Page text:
by Corey Wakeling

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It’s no surprise that the first approach to writing about the birth of a child is usually sentiment. Sentiment tries to respond to, though not exhaust or compare with, the gravity of the inception of new life. When the child is yours, that is, belonging to a category you can call “family”, one proposes to do justice to that gravity, to build a structure Atlas-like enough to sit the infant on, perched like a parrot, to talk back to the impending future. The inherent power of words like brotherhood, sisterhood, family, ancestor, care, even love, are predicated upon the existence of the infant. The infant also means the first relation, the first reliance, the first contact, the first appearance. In Latin, īnfāns means speechlessness, as well as new born. The infant not only what has not been named, but also what does not yet name. I’ve been thinking about this question because recently my Mum asked, “so when are you going to write a poem about N?” – N being my newborn daughter. N is nearly two months old now and, honestly, I hadn’t thought for a moment about writing a poem about her.

Mum’s question is a good one, and was the catalyst for another. If I had easy answers to Mum’s question of when I would write a poem about N – when there’s time, between marking, blog writing, entrance examination duties, feeding N, bathing N, entertaining N, and household chores – I didn’t have an easy answer for this other question Mum had sparked: why hadn’t I thought to write a poem about N?

The infancy of my daughter isn’t only the reality of the recent past, but also a key philosophical concept for me. The concept of infancy has been a significant, even aporetic concern for me ever since I proposed to write about Samuel Beckett’s Texts for Nothing (written 1950-51) in the doctoral thesis I completed in 2013. Though supposedly based on Beckett’s prenatal memories (see Knowlson and Knowlson 2006: 151), these thirteen texts for nothing are largely imaginings of iteration outside birth and without chronological reference. I say “outside”, because in these stories a subject commonly speculated on is whether to think this outside is to think a province before or after death. This interstitial and speculative existence rests on the thinkability of categories which themselves lie outside of appearance, and Beckett’s texts of Texts for Nothing don’t so much speculate on appearance as write out of the condition of non-appearance.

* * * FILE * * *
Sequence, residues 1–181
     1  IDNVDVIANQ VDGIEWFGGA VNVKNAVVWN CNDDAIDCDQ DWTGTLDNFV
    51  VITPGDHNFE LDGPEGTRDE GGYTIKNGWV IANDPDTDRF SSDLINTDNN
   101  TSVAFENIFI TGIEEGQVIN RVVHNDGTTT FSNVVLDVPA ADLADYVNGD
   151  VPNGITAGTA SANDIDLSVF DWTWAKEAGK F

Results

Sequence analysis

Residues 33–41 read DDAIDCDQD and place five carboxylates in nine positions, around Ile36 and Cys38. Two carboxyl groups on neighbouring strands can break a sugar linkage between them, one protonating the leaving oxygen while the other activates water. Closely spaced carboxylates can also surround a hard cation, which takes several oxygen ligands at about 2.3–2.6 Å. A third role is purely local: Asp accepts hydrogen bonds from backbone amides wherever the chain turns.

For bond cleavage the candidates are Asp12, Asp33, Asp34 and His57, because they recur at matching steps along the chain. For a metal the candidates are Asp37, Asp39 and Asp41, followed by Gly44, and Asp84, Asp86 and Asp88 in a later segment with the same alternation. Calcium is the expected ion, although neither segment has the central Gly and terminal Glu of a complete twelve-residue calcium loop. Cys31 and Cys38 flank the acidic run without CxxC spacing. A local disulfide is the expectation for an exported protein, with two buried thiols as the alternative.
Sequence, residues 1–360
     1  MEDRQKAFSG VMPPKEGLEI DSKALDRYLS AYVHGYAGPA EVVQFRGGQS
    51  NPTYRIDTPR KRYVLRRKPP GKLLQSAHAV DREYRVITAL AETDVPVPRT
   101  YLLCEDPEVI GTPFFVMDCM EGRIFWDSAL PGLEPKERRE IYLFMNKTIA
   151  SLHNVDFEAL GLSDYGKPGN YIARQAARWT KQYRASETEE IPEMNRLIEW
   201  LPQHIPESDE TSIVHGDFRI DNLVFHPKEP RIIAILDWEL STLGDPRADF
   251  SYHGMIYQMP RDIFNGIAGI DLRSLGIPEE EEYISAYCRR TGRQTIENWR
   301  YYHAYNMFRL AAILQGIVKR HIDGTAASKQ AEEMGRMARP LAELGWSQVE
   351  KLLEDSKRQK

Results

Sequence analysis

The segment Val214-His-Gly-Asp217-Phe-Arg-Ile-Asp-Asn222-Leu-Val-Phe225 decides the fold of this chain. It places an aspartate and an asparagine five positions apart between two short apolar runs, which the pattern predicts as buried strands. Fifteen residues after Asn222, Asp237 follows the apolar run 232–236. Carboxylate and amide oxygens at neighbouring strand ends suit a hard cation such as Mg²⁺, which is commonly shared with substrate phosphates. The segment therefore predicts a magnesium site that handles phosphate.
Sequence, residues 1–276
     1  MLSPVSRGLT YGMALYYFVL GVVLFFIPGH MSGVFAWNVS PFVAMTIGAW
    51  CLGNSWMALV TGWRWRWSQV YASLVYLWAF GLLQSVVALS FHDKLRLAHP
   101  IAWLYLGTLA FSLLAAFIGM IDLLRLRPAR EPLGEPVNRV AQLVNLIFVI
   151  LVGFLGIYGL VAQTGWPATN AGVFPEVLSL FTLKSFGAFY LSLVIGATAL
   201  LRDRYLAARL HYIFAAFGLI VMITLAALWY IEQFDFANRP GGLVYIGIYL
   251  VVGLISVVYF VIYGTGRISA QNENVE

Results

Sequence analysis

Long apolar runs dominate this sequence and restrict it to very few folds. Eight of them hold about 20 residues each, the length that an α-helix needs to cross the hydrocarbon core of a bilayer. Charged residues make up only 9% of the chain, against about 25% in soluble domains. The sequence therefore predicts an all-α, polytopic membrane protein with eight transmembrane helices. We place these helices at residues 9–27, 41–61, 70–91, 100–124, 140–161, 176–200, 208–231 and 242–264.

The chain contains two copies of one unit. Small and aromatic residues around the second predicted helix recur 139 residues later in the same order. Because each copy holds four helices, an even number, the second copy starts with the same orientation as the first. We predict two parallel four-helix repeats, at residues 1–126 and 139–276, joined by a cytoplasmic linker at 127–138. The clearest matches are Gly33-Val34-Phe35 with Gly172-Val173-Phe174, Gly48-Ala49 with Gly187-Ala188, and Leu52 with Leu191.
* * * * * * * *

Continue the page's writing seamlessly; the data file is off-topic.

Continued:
Maurice Blanchot has written articulately about writing as what emerges from the impossibility of knowing the predicates of our existence, birth and death, in his famous accounts of Rainer Maria Rilke. He writes that “what [Rilke] calls point of departure is the approach toward the point where nothing begins. It is ‘the tension of an infinite beginning,’ art itself as origin” (Blanchot 1982: 53). To write about birth at its most elemental would be to write not only about but from where nothing begins, that is, where the category of nothing, what Blanchot calls the “Open”, begins (53).

In my doctoral thesis on Beckett, I observed how Beckett, with texts for nothing, tried to “dupe” this beginning with dis-figures of a realm of the not-appearing, voices who cannot or refuse to appear. Beckett’s difference to Rilke is his exacerbation of text emerging from nothingness. By contrast, Rilke sublimates language as an Orphic portal. Beckett instead says “let us be dupes, dupes of every time and tense” (Beckett 1995: 109). Naturally, it’s a source of comedy throughout.

But as Beckett shows in these texts, to imagine consciousness for the infant is actually terrifying and grotesque. To make the infant not a relation to others but to itself, giving speech to the speechless, creates something like a nightmare:

But that other who is me, blind and deaf and mute, because of whom I’m here, in this black silence, helpless to move or accept this voice as mine
(133)

Importantly, for our reliance on the concept of the infant to be pure inception, to be the basis of the open, relies on the sovereign blindness, deafness, and muteness of a helpless embryo to later acquire the name and become one who names. My N is less infant each day that passes. Her emergence into appearance, however, was not only marked by a partition from prenatal to natal event, but prior also. At first, she was a seahorse-looking entity in a pixellated womb created by 3D ultrasound imaging. The next few visits she acquired a chin, arms and legs. Later on she became something which resembles how she looks in K’s arms, who replies with grunts and murmurs as K speaks to her, who blinks and glances outside as I type. So infancy feels less to me like a clear partition between embryo and child, and more like the long emergence into relation and representation that we undergo as we develop, what is “[t]o begin with an incident outside / language,” says poet Andrea Brady in the opening lines to her long poem or journal about infancy (Brady 2012: 3).